2010 - Backpacking to Tibet > Part 4

Backpacking Adventure
6 days of Secret Tibet, China
Lhasa, Shigatse, Namtso Lake
(L-R) Chew Siang Peng and Ching Neng Bin at Potala Square, Lhasa
Day 23 (11.04.10) Chengdu > Lhasa (3,650 m)

Tashi Delek! Greetings from Tibet. Travel agency picked us up at 5am from our Inn and drove us to the Airport for our 8.10 am (1350km) domestic flight to Lhasa. It was a 2 hours flight to Lhasa Gongga Airport. Our tour guide, Mr. Tenzin Phuntsok, welcomed us by putting the traditional Tibetan scarves over our neck. From the airport, the new 70km road passed through the Brahmaputra River and a tunnel before reaching Lhasa in an hour.

After checking in our hotel, we went straight to the old town of Lhasa, i.e. the Barkhor Street near Jokhang Temple. No activity on this first day as we have to acclimatise ourselves to the thinner air at this high elevation of 3,650m or 12,000 feet. Both of us did not experience altitude sickness, so we did not have to take Diamox. Had lunch at New Mandala Restaurant in front of Jokhang Temple.

After a few telephone calls we managed to meet up with Mr. Cheah, a classmate of Mr. Chew, who migrated to Australia about 40 years ago. Mr. Cheah came in four days earlier and be flying back the next day. Mr. Cheah gave us a sumptuous dinner treat at Lhasa Kitchen which served superb Tibetan food. Thank you very much Mr. Cheah.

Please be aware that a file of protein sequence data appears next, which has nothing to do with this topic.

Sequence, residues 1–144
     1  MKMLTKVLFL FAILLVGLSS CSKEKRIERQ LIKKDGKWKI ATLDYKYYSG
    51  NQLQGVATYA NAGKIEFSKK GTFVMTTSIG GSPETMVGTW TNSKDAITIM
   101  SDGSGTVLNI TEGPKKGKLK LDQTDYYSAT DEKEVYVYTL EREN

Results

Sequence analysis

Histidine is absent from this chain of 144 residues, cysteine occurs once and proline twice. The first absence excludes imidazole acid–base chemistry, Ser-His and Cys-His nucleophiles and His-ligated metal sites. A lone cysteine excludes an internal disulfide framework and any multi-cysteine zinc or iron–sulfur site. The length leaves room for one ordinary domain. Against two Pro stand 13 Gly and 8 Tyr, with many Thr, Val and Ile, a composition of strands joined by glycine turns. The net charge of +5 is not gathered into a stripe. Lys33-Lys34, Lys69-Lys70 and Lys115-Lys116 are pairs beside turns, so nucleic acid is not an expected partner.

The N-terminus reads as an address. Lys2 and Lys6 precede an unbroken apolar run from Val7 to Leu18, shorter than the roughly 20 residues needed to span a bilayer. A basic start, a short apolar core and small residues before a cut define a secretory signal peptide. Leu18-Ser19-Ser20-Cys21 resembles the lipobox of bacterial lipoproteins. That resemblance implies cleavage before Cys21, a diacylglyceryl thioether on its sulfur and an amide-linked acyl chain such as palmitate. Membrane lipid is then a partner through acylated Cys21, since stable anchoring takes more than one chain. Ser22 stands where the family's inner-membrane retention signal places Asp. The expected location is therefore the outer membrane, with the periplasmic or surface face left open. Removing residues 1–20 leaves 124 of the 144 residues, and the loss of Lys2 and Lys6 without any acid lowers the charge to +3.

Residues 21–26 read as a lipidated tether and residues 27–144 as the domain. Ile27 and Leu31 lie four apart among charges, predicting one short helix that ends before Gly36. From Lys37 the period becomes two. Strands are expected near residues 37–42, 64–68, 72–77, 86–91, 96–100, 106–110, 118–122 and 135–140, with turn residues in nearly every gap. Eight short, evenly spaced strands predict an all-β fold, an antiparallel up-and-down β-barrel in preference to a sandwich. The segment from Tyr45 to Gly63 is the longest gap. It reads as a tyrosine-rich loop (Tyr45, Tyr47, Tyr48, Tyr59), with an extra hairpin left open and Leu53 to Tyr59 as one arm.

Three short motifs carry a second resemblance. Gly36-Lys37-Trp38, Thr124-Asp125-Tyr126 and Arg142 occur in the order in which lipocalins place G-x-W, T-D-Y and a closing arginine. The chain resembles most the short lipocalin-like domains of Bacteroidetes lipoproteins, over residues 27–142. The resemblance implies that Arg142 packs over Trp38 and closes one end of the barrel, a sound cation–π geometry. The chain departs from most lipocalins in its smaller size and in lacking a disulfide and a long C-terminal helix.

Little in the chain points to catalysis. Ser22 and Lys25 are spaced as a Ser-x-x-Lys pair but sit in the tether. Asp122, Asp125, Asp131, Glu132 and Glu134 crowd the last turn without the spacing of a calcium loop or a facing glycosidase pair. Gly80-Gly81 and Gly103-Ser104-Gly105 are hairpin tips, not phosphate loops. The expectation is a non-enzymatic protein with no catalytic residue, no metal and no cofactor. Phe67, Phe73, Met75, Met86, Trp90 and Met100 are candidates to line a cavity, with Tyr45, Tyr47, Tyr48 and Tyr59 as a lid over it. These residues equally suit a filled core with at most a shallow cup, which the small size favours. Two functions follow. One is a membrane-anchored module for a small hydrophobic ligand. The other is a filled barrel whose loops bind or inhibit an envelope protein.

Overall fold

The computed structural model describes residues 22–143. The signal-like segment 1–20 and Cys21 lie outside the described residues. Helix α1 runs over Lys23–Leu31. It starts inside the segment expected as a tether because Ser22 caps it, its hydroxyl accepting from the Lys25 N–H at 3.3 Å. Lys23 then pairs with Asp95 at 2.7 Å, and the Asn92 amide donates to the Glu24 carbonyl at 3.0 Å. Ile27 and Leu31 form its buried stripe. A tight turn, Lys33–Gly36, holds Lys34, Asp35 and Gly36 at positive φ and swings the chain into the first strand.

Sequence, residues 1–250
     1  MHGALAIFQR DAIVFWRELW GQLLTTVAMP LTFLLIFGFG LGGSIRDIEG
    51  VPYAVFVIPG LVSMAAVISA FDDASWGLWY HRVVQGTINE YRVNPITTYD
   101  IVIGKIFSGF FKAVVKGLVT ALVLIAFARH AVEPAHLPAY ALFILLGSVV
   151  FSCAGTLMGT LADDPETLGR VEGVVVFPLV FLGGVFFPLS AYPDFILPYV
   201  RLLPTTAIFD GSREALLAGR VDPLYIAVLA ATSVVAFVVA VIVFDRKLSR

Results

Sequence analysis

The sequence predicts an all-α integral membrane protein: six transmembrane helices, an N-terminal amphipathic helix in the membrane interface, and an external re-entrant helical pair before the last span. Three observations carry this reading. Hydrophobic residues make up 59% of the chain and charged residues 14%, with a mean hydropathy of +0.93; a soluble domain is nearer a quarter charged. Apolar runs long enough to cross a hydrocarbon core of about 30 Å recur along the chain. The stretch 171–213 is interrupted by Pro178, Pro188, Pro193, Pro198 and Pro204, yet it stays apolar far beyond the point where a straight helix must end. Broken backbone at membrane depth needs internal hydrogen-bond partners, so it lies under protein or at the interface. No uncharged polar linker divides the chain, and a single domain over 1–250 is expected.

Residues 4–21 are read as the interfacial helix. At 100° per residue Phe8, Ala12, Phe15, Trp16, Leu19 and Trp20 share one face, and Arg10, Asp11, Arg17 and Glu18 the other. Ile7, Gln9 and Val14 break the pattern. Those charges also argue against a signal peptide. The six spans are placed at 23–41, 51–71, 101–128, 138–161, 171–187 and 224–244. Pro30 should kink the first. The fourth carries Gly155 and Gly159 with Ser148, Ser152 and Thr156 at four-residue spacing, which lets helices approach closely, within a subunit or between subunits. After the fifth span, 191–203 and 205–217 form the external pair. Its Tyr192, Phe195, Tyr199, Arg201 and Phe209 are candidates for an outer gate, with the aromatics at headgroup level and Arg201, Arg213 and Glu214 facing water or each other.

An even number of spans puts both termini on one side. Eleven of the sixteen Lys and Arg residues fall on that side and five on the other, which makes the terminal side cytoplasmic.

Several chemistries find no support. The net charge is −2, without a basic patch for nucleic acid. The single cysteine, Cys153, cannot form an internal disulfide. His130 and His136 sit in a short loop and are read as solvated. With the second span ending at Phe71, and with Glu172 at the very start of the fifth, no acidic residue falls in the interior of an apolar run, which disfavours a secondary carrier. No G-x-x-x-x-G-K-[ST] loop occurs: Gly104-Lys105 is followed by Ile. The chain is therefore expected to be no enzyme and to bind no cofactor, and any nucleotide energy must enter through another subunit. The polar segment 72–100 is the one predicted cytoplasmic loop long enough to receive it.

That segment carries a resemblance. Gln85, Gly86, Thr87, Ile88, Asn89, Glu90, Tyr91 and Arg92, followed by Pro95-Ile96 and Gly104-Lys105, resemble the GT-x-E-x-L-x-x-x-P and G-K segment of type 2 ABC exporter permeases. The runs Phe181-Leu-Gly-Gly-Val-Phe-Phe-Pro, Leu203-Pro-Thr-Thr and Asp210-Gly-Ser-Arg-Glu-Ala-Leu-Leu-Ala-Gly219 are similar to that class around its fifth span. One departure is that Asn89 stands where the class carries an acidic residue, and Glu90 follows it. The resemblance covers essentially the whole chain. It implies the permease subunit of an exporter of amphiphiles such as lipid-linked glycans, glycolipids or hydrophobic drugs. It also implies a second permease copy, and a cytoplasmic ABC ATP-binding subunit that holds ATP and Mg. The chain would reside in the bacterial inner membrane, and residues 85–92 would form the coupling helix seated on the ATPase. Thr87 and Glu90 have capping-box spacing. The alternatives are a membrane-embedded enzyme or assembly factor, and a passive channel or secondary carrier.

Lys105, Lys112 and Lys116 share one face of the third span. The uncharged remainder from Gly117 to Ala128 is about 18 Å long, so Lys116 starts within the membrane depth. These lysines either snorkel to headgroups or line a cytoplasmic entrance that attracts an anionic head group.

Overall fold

Sichuan Airlines return tickets is 2,500Y per person
Sleeping: Yuan Feng Hotel at 180Y a room for 2
Snow covered Tibetan mountain plateau. It occupies an area of around 1,000 by 2,500 kilometers, and has an average elevation of over 4,500 meters. Sometimes called "the roof of the world," it is the highest and biggest plateau in the world.

See just why Tibet is called 'the land of snows' and the 'rooftop of the world' as you fly over the Qinghai-Tibet plateau.

The Brahmaputra River runs to India

The new 70km road to Lhasa
The Brahmaputra River runs to India and join the Ganges.

Lhasa new town - very Chinese. By road from Chengdu is 3,360km.

Barkhor Street area. Lhasa has a population of 400 thousand.

(L-R) Mr Cheah from Australia and Mr Chew
Elderly man walking round the Jokhang Temple

Pilgrim holds the prayer wheel to walk clockwise there from dawn to dark.

Old town - along Barkhor Street Bazzar

Yak meat for sale on the street

Mr. Cheah gave us a sumptuous dinner treat at Lhasa Kitchen which served superb Tibetan food. Thank you Mr. Cheah. With us the driver and guide.
 
Day 24 (12.04.10) Lhasa - Potala Palace